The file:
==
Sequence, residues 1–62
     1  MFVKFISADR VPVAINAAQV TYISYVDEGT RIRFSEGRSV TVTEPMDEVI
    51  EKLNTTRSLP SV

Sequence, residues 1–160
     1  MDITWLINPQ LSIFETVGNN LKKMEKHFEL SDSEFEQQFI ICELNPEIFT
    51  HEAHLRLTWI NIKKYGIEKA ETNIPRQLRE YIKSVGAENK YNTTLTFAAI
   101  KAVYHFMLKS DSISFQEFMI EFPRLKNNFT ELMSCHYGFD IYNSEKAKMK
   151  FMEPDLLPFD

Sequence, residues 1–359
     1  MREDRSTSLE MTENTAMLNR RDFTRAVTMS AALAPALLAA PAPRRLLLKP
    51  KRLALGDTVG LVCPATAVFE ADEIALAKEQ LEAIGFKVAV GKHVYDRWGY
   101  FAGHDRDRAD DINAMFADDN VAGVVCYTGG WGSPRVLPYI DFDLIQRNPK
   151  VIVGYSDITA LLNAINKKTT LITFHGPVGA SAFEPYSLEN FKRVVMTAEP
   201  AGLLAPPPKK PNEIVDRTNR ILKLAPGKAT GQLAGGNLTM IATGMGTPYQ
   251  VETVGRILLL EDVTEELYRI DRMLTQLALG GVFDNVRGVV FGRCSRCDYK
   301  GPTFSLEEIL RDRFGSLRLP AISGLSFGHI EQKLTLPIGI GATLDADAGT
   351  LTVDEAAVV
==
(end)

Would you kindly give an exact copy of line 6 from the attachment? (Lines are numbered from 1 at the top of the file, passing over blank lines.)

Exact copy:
    51  HEAHLRLTWI NIKKYGIEKA ETNIPRQLRE YIKSVGAENK YNTTLTFAAI